Oil prices jumped by more than 2 percent on Friday after an Iranian oil tanker in the Red Sea was hit by two suspected rockets off the coast of Saudi Arabia, raising the possibility of supply disruptions from a crucial producing region.
Iranian Press TV reported that the oil tanker Sinopa, owned by the National Iranian Oil Co, was struck off the coast of the Saudi Arabian city of Jeddah. The ship suffered heavy damage and was leaking oil into the water, unnamed sources told Iran’s Students News Agency ISNA.
All crew members of the Iranian oil tanker are safe and the situation of the tanker is stable, Iran‘s Nour news agency said.
The National Iranian Tanker Company (NITC) said in a statement the hull of the ship sustained two separate explosions about 100km (60 miles) off the Saudi port city of Jeddah.
It said the blasts were “probably caused by missile strikes”.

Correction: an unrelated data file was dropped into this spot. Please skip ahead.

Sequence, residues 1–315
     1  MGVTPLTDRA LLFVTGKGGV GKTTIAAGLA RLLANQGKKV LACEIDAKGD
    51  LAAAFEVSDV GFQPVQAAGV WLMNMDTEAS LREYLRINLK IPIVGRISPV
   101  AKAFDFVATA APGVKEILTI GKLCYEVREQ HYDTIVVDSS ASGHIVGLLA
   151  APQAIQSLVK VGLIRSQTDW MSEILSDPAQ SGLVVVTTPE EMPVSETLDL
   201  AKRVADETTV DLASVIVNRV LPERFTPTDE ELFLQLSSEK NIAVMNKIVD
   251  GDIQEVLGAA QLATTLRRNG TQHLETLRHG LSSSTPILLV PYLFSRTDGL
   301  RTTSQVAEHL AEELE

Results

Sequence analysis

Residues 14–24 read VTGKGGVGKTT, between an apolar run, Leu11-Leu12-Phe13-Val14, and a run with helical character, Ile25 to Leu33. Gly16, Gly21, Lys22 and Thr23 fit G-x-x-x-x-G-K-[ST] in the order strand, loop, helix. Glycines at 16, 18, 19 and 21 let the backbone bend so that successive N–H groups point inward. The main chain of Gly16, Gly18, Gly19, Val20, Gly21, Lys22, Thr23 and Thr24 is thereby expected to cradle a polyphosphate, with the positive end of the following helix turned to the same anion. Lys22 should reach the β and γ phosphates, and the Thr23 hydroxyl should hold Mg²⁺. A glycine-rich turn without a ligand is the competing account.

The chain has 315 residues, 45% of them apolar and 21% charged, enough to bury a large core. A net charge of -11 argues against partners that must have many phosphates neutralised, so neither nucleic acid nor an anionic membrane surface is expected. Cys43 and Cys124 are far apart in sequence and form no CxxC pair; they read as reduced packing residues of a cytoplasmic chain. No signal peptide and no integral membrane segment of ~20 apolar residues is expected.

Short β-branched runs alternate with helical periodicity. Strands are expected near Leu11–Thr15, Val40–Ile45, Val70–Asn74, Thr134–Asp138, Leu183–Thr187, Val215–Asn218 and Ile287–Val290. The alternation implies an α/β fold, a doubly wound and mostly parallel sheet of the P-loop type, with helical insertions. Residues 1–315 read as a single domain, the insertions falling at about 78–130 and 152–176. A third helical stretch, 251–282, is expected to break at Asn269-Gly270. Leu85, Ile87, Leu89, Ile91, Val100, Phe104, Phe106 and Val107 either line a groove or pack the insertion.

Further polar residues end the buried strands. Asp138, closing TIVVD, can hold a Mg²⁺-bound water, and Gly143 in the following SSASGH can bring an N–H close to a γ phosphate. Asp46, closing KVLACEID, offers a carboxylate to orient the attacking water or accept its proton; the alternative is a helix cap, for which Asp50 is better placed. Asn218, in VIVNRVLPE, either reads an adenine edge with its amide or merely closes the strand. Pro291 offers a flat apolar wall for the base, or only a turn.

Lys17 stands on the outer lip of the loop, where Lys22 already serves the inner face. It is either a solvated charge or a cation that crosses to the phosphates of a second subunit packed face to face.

International benchmark Brent crude futures rose as much as 2.3 percent to $60.46 a barrel and were at $60.13 per barrel, up $1.02, by 06:48 GMT.
US West Texas Intermediate (WTI) crude futures rose as much as 2.1 percent to $54.69 a barrel and were at $54.47 per barrel, up 92 cents.
“Spare capacity remains fragile and with supply chain vulnerability a worrying concern at virtually every Middle East oil field, traders continue to hedge supply risk premium,” said Stephen Innes, Asia Pacific market strategist at AxiTrader.
The reports of the Iranian oil tanker incident follow the September 14 attacks on two Saudi Arabian oil processing plants that knocked out more than half of the kingdom’s crude oil output causing a spike in oil prices.
Tensions in the Middle East have escalated in the wake of attacks on tankers and US drones in the Strait of Hormuz, a key shipping artery of the global oil trade.